Once the surgery was completed and the cat woke up from the influence of anesthesia. The handlers tried to run the animal through test scenarios, all the while monitoring how the cat was reacting to the new additions to its body. However, they found this task very arduous, as cats are naturally averse to any kind of training, and they aren't interested in the security of the nation either. The test animal would constantly get bored, distracted, or hungry and run off. To counter this behavior, another surgery was conducted and additional training was provided. This extra effort is estimated to have shot the expenses up to USD 20 million. However, there were signs of success, as the handlers had a certain amount of control over the cat's actions. It was time for the first real-world field test.
In the test, the cat was taken to the Soviet compound in a CIA reconnaissance van. The van parked across the street from the two men, who were the targets for this test. The cat was let out of the van, and the men waited with bated breath as the cat started to cross the road. However, as soon as it took the first few steps, the cat was hit and killed by a passing taxi cab. The project had ended, before it had even begun.
The CIA agents collected the corpse, as they did not want the Soviets to find the audio equipment. Reasoning that using any agent which was so difficult to train and control as a bad idea, Project Acoustic Kitty was declared a complete failure and abandoned in 1967. The declassified documents, however, praised the work of the team, calling them 'scientific pioneers' for proving that cats can actually be trained to move according to instructions for short distances.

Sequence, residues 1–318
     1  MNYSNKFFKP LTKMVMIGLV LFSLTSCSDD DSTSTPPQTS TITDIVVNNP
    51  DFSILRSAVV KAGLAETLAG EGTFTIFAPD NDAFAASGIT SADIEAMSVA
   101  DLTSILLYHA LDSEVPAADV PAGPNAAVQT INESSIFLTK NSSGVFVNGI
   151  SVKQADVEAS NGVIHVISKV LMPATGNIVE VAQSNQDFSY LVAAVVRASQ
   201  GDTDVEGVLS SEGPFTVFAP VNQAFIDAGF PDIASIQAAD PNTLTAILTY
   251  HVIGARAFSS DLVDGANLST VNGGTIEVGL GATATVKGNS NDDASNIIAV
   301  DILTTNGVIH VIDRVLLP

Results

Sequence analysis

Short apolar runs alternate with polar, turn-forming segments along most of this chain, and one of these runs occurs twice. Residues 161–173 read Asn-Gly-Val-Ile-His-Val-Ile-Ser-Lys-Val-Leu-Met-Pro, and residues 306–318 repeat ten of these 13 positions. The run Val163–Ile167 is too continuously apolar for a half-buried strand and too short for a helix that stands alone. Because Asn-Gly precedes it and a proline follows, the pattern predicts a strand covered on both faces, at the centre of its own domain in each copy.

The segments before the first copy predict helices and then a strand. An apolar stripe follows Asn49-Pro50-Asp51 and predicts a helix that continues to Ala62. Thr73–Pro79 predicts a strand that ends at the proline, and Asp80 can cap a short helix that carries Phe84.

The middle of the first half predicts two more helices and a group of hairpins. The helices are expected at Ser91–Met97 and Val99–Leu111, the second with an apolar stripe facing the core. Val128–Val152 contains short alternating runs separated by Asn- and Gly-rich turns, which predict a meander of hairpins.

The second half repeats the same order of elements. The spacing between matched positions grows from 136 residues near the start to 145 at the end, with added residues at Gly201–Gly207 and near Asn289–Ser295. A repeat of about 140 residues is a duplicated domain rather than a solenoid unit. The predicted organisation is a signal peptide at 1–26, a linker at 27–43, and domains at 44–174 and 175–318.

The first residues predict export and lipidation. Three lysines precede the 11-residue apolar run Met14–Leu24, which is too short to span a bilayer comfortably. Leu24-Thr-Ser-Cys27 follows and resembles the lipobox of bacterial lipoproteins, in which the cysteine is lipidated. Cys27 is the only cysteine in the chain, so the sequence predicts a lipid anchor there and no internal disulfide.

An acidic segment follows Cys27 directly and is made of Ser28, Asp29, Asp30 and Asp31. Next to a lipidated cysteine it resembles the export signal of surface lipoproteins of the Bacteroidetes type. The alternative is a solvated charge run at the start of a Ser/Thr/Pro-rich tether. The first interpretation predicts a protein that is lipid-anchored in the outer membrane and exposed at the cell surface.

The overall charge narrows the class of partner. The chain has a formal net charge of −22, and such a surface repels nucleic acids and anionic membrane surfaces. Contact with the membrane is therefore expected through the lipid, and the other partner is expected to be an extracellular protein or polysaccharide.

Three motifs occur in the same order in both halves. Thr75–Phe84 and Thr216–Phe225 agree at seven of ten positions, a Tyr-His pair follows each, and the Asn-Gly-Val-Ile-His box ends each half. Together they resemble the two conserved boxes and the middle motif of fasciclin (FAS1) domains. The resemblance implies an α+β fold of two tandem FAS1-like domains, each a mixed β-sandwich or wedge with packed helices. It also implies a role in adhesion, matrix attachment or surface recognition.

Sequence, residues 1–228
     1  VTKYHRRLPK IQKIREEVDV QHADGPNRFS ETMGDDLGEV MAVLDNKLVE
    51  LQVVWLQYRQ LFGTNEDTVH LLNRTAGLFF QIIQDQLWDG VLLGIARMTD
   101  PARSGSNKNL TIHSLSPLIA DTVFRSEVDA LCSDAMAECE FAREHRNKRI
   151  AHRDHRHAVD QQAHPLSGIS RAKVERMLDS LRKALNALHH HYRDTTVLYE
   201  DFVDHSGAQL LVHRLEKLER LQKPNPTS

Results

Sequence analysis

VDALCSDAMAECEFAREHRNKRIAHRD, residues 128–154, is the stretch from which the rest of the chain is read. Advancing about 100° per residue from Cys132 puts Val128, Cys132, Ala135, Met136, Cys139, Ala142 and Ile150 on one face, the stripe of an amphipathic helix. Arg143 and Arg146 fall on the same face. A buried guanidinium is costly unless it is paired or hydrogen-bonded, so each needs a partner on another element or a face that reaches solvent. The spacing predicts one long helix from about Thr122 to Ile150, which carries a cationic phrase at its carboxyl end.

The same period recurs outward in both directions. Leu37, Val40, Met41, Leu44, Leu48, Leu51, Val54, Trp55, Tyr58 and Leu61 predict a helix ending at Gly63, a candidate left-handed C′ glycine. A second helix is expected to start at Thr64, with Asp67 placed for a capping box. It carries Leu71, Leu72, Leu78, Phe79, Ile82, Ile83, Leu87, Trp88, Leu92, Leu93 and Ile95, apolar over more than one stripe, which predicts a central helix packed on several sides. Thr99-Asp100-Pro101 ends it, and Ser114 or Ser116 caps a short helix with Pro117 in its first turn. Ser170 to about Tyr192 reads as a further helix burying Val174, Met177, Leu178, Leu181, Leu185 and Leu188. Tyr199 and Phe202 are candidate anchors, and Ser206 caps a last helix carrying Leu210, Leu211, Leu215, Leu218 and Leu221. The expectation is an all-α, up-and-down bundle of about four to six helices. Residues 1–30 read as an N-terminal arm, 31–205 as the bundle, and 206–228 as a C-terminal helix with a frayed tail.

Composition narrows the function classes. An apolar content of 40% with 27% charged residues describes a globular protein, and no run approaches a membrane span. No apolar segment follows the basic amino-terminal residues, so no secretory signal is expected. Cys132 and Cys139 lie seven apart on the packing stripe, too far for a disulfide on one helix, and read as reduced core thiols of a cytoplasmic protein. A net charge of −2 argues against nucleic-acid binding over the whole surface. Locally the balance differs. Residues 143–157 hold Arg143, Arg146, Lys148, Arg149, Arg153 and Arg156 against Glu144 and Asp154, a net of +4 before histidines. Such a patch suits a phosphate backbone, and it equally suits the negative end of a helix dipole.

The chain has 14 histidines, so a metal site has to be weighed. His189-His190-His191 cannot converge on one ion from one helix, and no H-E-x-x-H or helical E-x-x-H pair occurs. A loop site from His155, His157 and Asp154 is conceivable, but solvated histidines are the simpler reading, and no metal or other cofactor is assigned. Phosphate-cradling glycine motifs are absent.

Other Animals Used as Spies
  • During the Second World War, it was proposed to use pigeons to guide missiles towards their targets. The process involved putting the birds inside the missile and allowing it to peck on a video screen to direct the missile towards the intended target. The idea was scrapped because officials felt that the idea was just too ridiculous.
  • During the 1960s, the U.S. military started training dolphins to detect naval mines and enemy swimmers and divers. Such aquatic agents are used even today.
  • The CIA also trained ravens to drop listening devices in very specific locations.
  • The U.S. army trained pigeons to fly ahead of the troops, and land if they spotted the enemy, acting as a warning. However, if the birds did not spot anything they kept flying and never returned.
  • Honeybees are now being trained to detect the scent of bomb ingredients. When detecting such scents, the bees move their proboscis in unison, and a pattern recognition software alerts the authorities to the bees' actions.
  • Gerbils were used by the United Kingdom to find terrorists at airports, by detecting high levels of adrenalin in a person. However, the project was abandoned after the animals got confused and reacted to regular passengers who were just afraid of flying.
  • Homing pigeons were widely used by American and British forces during World War II to transport messages, maps, and reconnaissance photographs. In fact, many of these birds were given awards to honor their valor during the war.
  • Similar to the dolphins, sea lions were also trained by the U.S. Navy to cuff suspicious divers and swimmers.
  • Although, not successfully used, the U.S. military strapped small bombs to bats and planned to use them as an attack option in World War II.
Although the Acoustic Kitty Project was a bust, it has inspired and lead to many animal-based inventions, such as insect-based flying surveillance drones, to pave the way of the future of international espionage.